The initial emergence of content created by amateur, Internet‐based journalists (i.e. user‐generated content) is occasionally associated with the events of 9/11 in New York, USA, but more often in the context of publishing information about 2004 Indian Ocean earthquake and devastating series of tsunami that resulted in killing 230,000–280,000 people across 14 coastal countries. The British elite newspaper The Guardian first acknowledged the meaning of mobile communication as a way of obtaining information in 2002, by starting its service Mobile Alerts designed to inform interested readers via short text messages (SMS) related to breaking news from politics or sports. In November 2005, website of the elite British newspaper Daily Telegraph started to offer a project involving audio recordings of the most important daily events (prepared and read by professional journalists), becoming the first news portal to do so in the United Kingdom. The content was provided for free and its length was between 25 and 30 min. The data could be downloaded and listened to via computers, iPods or MP3 players. To expand its mobile and online services, a year later (in 2006), the renowned British news portal associated with the daily newspaper The Guardian decided to develop a project of publishing analyses and commentaries related to recent news and events on their website. The aim was to offer the readers as wide spectrums of opinions as possible. More than 100 commentators and experts from all fields of social life were involved. Moreover, www.theguardian.com started to offer a service named GuardianWitness in April 2013, providing its users with a space for publishing their own audio‐visual content related to eye‐witnessing experience. Another example of publishing user‐generated media content is the platform YouTube Direct operated by the streaming giant www.youtube.com . This service allows professional editorial offices to browse, obtain and—after receiving owners’ agreements—also publish user‐generated videos and other audio‐visual materials. The users are no more perceived as ordinary recipients; many of them are turning into reporters or photographers instead.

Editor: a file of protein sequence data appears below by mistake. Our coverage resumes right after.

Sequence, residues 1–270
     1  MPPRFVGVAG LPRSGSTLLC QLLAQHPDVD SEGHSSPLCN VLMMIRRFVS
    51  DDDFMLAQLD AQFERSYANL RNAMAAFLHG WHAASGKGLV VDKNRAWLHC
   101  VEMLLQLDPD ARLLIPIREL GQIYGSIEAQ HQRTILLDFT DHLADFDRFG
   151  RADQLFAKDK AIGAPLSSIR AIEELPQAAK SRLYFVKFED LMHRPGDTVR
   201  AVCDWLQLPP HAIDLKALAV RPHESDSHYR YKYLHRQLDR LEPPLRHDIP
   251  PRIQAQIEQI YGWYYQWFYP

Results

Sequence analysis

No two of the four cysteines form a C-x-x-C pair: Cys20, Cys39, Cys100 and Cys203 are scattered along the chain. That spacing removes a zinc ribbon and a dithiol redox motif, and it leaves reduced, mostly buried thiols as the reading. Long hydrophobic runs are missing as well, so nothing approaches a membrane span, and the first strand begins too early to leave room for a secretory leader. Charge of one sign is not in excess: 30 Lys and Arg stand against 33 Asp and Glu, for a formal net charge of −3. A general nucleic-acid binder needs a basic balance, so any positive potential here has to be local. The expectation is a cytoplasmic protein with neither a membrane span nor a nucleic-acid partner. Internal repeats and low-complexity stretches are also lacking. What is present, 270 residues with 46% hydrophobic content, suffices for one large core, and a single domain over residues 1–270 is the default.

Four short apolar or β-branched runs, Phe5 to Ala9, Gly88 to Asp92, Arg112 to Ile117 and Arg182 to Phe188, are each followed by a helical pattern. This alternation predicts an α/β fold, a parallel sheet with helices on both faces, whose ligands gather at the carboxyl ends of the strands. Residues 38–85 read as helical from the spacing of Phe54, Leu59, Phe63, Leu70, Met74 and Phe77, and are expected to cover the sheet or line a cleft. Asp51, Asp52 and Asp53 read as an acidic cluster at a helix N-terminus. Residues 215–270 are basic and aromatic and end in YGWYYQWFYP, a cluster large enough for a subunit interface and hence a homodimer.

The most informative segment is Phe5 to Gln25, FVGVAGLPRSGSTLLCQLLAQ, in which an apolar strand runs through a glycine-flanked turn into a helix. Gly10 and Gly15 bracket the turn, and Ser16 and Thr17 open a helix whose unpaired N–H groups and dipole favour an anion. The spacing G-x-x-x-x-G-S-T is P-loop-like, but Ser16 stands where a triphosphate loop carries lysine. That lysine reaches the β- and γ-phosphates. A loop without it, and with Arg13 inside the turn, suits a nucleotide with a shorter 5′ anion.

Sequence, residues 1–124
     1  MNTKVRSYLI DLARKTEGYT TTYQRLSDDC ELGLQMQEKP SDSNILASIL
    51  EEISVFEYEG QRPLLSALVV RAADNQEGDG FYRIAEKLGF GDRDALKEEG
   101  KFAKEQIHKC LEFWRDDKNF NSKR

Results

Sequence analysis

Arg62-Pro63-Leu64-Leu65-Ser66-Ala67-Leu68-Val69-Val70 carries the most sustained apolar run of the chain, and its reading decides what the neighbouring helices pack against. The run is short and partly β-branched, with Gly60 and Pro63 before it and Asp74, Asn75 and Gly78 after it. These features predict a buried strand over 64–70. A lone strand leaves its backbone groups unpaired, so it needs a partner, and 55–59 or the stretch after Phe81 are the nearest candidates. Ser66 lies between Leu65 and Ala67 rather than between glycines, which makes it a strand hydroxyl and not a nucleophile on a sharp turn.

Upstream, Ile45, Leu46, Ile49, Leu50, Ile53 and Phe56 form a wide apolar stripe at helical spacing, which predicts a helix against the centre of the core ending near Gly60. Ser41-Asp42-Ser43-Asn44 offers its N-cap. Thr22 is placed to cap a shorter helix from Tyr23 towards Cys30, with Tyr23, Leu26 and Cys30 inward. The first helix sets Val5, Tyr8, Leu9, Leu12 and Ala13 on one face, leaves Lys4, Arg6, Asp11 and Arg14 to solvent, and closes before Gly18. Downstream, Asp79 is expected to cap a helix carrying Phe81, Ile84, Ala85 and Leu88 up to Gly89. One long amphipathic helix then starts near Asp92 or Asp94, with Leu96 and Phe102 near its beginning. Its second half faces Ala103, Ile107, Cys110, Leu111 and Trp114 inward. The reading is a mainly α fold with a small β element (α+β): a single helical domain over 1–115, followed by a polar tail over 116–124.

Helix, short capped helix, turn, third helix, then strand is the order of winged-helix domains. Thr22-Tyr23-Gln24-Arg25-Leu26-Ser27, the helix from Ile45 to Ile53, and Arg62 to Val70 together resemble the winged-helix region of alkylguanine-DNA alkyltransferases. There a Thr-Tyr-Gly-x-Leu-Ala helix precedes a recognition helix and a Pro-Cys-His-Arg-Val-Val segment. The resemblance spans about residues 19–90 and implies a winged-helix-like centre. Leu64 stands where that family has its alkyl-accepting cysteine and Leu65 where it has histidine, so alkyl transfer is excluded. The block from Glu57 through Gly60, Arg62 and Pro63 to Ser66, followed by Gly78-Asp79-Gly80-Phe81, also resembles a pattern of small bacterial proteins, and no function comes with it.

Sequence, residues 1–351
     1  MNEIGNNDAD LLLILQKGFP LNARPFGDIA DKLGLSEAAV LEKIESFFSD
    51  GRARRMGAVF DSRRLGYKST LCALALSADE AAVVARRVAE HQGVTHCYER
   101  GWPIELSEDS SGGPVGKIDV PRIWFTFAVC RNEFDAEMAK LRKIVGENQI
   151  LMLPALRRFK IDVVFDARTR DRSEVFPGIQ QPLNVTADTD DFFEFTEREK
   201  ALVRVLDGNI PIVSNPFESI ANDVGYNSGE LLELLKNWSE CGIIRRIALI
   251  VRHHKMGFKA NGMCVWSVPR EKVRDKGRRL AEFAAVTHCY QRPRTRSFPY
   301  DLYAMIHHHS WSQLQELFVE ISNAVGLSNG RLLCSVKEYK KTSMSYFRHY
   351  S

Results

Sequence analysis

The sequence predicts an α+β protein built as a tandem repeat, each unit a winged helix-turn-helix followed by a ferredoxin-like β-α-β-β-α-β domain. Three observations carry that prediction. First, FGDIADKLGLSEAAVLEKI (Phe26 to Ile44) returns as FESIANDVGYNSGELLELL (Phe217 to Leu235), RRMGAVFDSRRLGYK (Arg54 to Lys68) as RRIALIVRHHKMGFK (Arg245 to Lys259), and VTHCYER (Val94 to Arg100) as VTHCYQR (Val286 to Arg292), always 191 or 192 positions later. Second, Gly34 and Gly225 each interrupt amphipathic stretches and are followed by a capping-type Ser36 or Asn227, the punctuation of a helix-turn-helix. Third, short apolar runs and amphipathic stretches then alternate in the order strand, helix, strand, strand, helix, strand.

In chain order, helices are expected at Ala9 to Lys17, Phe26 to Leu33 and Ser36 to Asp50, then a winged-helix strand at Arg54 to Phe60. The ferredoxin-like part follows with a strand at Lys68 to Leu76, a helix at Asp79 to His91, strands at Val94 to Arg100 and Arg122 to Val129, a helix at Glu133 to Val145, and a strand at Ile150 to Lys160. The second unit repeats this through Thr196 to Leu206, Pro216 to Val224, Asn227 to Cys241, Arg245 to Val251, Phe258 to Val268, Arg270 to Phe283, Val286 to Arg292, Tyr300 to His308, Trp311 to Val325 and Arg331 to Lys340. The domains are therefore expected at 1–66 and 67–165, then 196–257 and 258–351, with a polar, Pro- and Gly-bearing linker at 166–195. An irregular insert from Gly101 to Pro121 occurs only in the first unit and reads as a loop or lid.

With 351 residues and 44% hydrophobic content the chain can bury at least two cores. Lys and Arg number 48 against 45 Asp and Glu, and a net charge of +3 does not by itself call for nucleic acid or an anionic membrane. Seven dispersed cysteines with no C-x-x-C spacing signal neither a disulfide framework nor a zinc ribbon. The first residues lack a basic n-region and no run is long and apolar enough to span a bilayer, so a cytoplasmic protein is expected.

Slovak media have explored possibilities of mobile journalism and user‐generated content thoroughly as well. A mobile application of the Slovak daily SME started to function in 2011. Other popular elements of mobile journalism are the citizen journalism platforms Som reportér [I Am a Reporter] developed by the nationwide commercial television channel TV Markíza and Tip od vás [ A Tip from You ] operated by the most read Slovak tabloid, the daily newspaper Nový čas . However, while news applications for mobile phones and tablets are not so special and innovative anymore, other publishing segments (e.g. academic and scholarly publishing) seem to implement such innovations quite rarely. However, the renowned academic journal from the field of media studies titled Communication Today seems to be an exception, the journal published by the University of SS. Cyril and Methodius in Trnava, more specifically by the Faculty of Mass Media Communication, is the first Central European academic periodical that publishes its issues also via mobile applications for iOS and Android. The journal’s editor‐in‐chief Martin Solík explains: ‘We are the first scientific journal in Slovakia or Czech Republic to publish digitally, via ‘tablets’ as such. The first day of being available on the App Store brought exactly 30 downloads. Our expectations had been, in fact, quite modest, as we were aware that as an academic journal, we attracted a much narrower target group than any lifestyle magazine’ [ 22 ]. The application is nowadays used by more than 1500 unique readers and remains the only one of its kind, at least in terms of Central European scientific periodicals.